All diving mammals hold their breath to shield water from the lungs and regulate the pressures in the respiratory tract as they submerge, feed underwater, and surface. This refined mastery of the airway entrances was preadaptive for the evolution of speech. Living in a seascape could explain why we urgently evolved to be able to control our breath.
In our respiratory valves, we have a unique design from other primates in that a soft palate can lift to close off the nasopharynx. This is a critical feature for aquatic mammals to keep water clear of the respiratory passage.
Humans also have a uniquely descended larynx, which just means that it’s closer to the lungs. As the human baby grows up, the larynx sinks down lower. Again, animals with this design are seals, sea lions, walruses, and dugongs. The one and only primate that has it is us. It allows for gulping large amounts of air easily.
Some researchers argue that our upright posture naturally slid the larynx down, but others suggest that it may have actually been a selected pressure. Next time you hold your breath for a swim, imagine how this seemingly inconsequential feature may have been the biggest game changer in our evolution.
3 Fossils And Observation Of Behavior
The fossil of Lucy, an early upright-walking hominin, and other well-known ancestors were discovered near shorelines of massive lakes, of which the surrounding area was subject to periodic flooding. In an analysis of 20 hominid fossil sites in East and South Africa, there is fossil evidence that suggests our early ancestors were either living lakeside or in flooded grasslands.
How did they handle this deluge?
Researchers have a clue based on observing baboons at Botswana’s Okavango Delta during the summer months when it is flooded. When fruit becomes rare, the baboons eat water lily roots instead.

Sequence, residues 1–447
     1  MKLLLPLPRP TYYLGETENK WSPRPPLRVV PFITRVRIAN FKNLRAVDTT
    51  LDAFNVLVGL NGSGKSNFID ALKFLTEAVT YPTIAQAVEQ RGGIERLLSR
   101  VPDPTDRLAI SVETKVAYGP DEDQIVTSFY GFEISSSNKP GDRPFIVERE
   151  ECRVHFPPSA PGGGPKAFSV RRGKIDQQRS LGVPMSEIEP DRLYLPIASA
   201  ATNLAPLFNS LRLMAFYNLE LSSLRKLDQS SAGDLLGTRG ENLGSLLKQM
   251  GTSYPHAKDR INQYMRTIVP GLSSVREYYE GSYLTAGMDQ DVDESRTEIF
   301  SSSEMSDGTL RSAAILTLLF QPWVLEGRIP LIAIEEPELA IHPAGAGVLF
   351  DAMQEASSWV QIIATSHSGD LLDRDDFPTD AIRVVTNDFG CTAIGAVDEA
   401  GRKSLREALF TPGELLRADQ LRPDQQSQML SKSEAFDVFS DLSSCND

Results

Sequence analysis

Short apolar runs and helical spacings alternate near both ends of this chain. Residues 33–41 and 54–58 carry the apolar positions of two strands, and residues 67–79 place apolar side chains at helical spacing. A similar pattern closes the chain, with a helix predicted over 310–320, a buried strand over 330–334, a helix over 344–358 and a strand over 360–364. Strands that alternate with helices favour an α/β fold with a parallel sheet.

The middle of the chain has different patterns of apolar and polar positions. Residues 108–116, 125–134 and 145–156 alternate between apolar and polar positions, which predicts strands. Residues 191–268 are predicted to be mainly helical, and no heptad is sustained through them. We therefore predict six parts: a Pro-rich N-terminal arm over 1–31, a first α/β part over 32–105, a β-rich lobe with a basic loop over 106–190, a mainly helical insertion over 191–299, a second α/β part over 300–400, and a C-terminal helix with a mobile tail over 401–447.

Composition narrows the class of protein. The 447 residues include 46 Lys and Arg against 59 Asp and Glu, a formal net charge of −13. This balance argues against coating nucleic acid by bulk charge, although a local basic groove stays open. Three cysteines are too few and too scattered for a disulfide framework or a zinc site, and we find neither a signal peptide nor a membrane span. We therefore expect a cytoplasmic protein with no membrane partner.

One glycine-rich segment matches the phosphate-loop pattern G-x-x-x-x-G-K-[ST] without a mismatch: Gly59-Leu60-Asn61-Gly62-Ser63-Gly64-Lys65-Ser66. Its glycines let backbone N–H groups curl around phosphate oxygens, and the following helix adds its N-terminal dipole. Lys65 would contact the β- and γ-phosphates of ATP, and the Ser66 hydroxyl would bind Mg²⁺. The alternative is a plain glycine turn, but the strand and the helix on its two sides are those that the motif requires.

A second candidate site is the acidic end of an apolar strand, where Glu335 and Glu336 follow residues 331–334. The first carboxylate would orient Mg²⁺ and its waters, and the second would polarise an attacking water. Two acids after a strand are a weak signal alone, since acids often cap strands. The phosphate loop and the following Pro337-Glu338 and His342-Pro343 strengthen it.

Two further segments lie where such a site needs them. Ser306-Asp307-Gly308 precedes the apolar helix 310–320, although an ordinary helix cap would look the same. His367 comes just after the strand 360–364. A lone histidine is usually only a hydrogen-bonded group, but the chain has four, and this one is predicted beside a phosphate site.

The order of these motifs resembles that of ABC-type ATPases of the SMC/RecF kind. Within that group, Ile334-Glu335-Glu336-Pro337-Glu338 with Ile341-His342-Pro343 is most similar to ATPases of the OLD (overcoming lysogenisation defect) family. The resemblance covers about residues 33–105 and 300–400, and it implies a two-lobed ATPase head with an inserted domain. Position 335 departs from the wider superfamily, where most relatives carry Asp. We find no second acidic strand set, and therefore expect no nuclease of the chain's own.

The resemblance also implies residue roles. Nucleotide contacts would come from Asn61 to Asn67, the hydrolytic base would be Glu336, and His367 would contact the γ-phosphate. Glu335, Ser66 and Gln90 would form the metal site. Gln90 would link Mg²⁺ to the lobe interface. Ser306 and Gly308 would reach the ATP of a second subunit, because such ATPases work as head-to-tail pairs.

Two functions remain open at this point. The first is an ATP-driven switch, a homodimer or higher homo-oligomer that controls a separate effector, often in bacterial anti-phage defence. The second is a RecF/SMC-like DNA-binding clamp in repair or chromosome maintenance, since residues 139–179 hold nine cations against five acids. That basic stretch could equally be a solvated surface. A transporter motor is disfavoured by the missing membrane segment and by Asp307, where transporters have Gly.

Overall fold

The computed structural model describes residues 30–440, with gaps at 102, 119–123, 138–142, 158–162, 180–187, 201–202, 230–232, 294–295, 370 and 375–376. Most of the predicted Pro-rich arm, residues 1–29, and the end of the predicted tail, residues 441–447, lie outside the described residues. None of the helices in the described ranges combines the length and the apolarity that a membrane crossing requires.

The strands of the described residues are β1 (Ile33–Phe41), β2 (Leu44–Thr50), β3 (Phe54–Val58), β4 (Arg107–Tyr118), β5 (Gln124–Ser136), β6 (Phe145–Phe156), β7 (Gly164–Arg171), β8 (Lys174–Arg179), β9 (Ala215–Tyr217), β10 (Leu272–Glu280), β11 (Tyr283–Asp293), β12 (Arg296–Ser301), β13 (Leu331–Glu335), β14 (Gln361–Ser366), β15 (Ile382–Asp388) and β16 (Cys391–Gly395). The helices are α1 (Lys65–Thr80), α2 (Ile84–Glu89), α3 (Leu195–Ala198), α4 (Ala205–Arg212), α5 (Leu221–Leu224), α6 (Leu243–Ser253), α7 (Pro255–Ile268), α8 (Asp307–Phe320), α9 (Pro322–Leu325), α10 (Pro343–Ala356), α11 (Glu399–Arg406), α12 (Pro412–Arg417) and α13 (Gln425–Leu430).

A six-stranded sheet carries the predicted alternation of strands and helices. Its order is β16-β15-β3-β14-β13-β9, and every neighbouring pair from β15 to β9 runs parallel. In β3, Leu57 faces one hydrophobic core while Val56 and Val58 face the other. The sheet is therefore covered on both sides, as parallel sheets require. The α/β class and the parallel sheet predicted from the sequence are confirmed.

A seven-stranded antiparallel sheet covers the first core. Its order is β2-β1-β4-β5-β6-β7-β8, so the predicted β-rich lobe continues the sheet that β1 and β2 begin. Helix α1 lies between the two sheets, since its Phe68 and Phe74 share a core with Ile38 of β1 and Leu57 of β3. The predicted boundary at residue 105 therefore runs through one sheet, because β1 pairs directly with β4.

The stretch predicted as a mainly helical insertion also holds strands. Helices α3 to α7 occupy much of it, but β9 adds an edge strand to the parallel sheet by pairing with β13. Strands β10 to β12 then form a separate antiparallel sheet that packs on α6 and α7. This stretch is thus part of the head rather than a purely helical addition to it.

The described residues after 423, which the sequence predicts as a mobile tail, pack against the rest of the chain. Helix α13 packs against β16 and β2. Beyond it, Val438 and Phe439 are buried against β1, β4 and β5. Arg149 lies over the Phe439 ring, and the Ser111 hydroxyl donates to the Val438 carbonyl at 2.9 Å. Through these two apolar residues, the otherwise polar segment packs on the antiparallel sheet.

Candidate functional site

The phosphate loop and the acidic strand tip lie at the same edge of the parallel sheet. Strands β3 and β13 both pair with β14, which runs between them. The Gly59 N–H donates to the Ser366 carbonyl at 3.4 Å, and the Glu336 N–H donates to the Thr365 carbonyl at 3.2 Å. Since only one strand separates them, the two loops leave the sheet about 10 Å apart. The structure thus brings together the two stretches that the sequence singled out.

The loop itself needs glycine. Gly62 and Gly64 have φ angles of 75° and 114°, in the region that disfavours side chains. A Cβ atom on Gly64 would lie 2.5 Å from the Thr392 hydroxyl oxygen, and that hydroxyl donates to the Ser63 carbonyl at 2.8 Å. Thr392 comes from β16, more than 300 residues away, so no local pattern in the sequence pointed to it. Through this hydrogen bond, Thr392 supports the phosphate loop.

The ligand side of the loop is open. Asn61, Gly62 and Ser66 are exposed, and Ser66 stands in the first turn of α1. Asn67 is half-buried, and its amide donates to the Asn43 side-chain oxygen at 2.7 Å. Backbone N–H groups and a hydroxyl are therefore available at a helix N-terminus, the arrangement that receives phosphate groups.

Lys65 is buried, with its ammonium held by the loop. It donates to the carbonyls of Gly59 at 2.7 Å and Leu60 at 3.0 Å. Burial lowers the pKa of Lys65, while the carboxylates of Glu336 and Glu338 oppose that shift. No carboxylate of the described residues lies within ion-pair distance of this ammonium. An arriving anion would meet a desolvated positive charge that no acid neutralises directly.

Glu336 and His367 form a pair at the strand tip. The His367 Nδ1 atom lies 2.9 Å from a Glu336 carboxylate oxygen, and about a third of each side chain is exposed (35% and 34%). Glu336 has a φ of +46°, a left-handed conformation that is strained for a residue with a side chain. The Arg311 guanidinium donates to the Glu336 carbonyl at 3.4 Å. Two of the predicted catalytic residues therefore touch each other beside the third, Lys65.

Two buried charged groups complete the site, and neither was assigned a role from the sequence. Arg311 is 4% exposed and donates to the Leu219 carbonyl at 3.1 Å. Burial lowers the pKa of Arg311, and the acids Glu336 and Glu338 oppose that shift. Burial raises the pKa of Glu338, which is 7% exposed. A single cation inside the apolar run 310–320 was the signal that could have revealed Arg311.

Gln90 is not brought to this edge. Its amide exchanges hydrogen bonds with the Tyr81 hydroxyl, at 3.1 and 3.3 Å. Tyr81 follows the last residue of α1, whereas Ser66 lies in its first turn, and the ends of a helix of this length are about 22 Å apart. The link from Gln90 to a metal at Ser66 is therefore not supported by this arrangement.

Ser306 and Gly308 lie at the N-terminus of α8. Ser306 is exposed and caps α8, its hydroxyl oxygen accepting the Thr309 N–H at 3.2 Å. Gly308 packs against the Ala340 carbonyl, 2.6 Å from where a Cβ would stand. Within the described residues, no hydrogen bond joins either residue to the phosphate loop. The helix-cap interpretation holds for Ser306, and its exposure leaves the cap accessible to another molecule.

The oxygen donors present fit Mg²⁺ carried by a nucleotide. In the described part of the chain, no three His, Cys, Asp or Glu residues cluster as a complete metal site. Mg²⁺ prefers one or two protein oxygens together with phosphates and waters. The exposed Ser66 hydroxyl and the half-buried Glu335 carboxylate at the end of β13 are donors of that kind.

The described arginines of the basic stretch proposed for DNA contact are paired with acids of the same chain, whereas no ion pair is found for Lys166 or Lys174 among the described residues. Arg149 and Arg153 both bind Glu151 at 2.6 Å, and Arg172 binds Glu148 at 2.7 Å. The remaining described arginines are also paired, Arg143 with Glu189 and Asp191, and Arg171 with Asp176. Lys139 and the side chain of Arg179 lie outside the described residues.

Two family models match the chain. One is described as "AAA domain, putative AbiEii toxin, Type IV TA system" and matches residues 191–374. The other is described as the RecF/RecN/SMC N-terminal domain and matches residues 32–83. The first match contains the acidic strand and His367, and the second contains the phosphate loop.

Fossil evidence demonstrates that early hominids also resorted to aquatic plants like water lily nuts. The nuts from this thorny plant are a pain in the butt to collect as they require diving 5–7 meters (16–23 ft) deep. Then they can be roasted over a fire where they pop open like popcorn. Even today, people still collect water lily nuts and eat them in the same way.
We also know that our ancestors were chowing down on seafood, in general, about two million years ago. For example, we’ve discovered fossilized bones of a catfish 2 meters (7 ft) long that had been cut with stone tools. It may be no small coincidence that early humans followed the coastlines around the world before heading inland. The water is what they knew best.
2 Pruney Fingers
Have you ever wondered why our fingers get all wrinkly when we’re in the water for a while? This active process is controlled by our autonomic nervous system. Evolutionary neurobiologist Mark Changizi believes it served a valuable function in our distant past.
He thinks that the pruney pattern may improve our underwater grip on objects. An independent team from Newcastle University found some support for this hypothesis in a study that demonstrated how people can pick up wet marbles more quickly with pruney fingers than dry ones.
This advantage only applied to the wet marbles. When the marbles were dry, both wet and dry fingers had the same ability. Evolutionary biologist Tom Smulders said, “We have shown that wrinkled fingers give a better grip in wet conditions—it could be working like treads on your car tires, which allow more of the tire to be in contact with the road and [give] you a better grip.”
He explains how this advantage could have helped our ancestors gather food from bodies of water.
We are the only smooth-skinned primates. Nakedness is an advantage underwater because it allows the body to glide gracefully through the water with ease. Why, then, do we still have hair on our heads?
It is hypothesized that cranial hair remained to protect us from sun radiation. Hair shields the head, but the shoulders and upper arms also tend to have more hair. The hair that did stick around is arranged diagonally, pointing inward toward the midline of the body. This pattern provides the least resistance while swimming.
There’s a close connection between nakedness and water. Mammals that have lost their body hair are the aquatic ones like the hippo, dolphin, manatee. and more. The elephant may be pointed to as an example of a nonaquatic animal that lost its hair, but hold on. Turns out, they have an aquatic ancestor as well. In fact, all naked pachyderms do, even the rhino.
It seems that every naked mammal was conditioned by water at some point. Why not us?